Flexible fuelling

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STEWART PENNEY / LONDON

If the private finance initiative goes ahead, the successful bidder for the UK's Future Strategic Tanker Aircraft deal will be able to offer spare aircraft for third-party work when the RAF does not need them

Later this year the UK Ministry of Defence is due to select a contractor to provide the Royal Air Force with its in-flight refuelling tankers for three decades. Unlike most acquisitions, however, the MoD will be buying a service, not the aircraft, contracting for "hoses in the sky".

Bidding for the Future Strategic Tanker Aircraft (FSTA) deal - worth around £13 billion ($18.5 billion) over the 27 years of the contract - are two consortia, AirTanker and the Tanker Transport Service Company (TTSC). The former, offering new Airbus A330s, consists of Cobham's FR Aviation, EADS, KBR Halliburton (formerly Brown & Root) Rolls-Royce and Thales. TTSC is offering ex-British Airways Boeing 767s and consortium members are BAE Systems, Boeing, Serco and Spectrum Capital.

FSTA is to be funded using the UK government's private finance initiative (PFI) scheme, which transfers the asset value off its accounts and is regarded as easier to manage because the MoD only pays a service charge - maintenance and spares, training for aircrew and ground personnel, while other costs are the responsibility of the contractor. Although the MoD is committed to PFI at present, there is still a possibility that a different process could be used. A final decision will be made at the time of the initial approval (initial gate) later this year. Industry sources say that it would be difficult for the MoD to fund a tanker acquisition if PFI is ruled out.

The RAF needs new tankers, having retired its older BAC VC10 K2s and with the VC10 C1(K)s, K3s and K4s all well over 30 years old. The remainder of the refuelling fleet consists of Lockheed L1011 TriStars, that, like some of the VC10s, are ex-airliners, some from BA and others from Pan American. The MoD plans to sign a contract next year, with the service beginning in 2007, although there is the potential for bidders to begin offering a service as soon as possible.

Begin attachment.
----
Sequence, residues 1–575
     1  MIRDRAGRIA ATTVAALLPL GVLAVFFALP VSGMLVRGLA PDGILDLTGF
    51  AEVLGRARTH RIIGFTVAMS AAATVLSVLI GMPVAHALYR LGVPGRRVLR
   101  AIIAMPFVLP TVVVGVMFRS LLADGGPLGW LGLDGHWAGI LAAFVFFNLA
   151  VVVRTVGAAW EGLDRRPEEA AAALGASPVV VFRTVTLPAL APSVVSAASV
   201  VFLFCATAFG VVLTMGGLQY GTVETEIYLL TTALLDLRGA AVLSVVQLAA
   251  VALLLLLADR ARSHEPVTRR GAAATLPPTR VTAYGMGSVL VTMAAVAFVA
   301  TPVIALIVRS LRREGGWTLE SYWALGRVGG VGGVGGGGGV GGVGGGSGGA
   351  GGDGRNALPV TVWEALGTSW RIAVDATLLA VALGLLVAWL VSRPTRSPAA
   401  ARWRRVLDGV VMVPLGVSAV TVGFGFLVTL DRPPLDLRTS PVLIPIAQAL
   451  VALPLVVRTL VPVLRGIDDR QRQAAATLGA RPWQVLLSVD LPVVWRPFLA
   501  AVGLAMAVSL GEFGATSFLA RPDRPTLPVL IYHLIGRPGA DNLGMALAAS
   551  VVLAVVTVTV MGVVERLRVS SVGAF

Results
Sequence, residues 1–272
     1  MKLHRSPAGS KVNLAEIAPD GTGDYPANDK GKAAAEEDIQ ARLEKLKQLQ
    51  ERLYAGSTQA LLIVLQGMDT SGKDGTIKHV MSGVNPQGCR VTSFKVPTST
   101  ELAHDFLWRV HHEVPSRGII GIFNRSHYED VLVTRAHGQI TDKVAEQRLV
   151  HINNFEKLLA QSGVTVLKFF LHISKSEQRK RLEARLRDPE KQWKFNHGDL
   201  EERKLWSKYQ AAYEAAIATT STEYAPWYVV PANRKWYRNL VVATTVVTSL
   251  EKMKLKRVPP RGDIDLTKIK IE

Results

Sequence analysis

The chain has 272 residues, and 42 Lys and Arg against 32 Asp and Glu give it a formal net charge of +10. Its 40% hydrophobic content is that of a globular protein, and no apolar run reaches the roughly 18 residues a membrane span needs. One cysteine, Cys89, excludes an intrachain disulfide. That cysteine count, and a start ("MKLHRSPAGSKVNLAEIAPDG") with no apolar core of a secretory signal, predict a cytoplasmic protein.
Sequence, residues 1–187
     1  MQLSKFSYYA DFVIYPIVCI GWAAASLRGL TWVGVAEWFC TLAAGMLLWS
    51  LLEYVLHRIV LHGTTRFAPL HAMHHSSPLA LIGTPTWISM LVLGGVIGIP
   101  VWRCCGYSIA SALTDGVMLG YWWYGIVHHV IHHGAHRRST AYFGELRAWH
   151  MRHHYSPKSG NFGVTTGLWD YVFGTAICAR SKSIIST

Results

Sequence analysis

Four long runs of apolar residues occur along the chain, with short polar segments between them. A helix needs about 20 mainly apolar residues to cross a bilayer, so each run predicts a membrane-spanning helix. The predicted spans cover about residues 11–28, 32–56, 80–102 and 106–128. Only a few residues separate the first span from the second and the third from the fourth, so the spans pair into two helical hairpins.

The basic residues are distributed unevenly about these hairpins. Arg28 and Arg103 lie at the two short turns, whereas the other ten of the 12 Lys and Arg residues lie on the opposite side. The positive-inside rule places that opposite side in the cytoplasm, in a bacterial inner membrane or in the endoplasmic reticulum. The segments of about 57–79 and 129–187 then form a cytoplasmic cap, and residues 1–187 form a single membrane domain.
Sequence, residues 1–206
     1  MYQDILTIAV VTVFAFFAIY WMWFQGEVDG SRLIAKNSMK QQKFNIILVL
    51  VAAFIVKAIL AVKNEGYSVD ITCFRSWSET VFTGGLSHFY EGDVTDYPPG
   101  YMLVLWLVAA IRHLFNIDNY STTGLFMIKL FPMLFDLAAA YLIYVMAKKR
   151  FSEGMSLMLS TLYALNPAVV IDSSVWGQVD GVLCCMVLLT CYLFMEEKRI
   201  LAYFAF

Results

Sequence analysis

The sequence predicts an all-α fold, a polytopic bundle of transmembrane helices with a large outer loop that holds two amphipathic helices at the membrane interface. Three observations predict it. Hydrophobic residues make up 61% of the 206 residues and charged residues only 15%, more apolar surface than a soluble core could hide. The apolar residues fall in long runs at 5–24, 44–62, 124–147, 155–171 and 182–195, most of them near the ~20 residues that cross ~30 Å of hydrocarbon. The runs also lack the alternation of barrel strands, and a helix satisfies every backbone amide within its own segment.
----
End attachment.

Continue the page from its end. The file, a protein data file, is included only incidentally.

Lessons learned

PFIs are expected to offer flexibility and allow aircraft to be upgraded to meet new requirements or threats as they emerge. Lessons have been learned from the recent conflict in Afghanistan, during which the RAF provided refuelling to US Navy aircraft. "We've never done anything like this before, and the contract underpinning FSTA therefore has to be robust to accept changes [that are needed during conflict]. Flexibility is the key to air power, and to a successful PFI," says one source. When the tankers require an upgrade during their 27-year service life, PFI will make it possible to take a longer-term investment perspective, he adds.

In comparison with the MoD's incessant struggle to find funds for much needed additional, or newer, equipment, a consortium member says: "We will take the through-life perspective and we will invest to manage costs and risks." Recently, for instance, Aerosystems International received a contract to fit Link 16 tactical datalinks, but only to eight tankers.

Another consortium member says that widebody, multi-point tankers such as FSTA, offer greater operational flexibility. For instance one aircraft will be required for the daily in-flight refuelling requirement over the North Sea, rather than an aircraft in the morning and another in the afternoon. Once the North Sea tasking is finished, the aircraft would still have enough fuel on board for an intra-European trooping flight.

The winning bidder will also provide around 25% of the air and ground crews - so-called sponsored reserves. The RAF will not require all the aircraft every day and the contractor will be able to offer the spare aircraft for third-party transport work. This will make additional money for the service provider, and reduce the cost to the MoD. An MoD source says the best value for money solution is being sought and "the more third-party work there is, the happier we are." However, the aircraft role equipment - air-to-air refuelling hose-and-drogue units, the defensive aids suite and other military systems - will need to be removable so that the aircraft meet UK Civil Aviation Authority regulations. As the aircraft will be dual use, they will have RAF and CAA registrations and will be maintained to the European Joint Aviation Authorities standards.

Final bids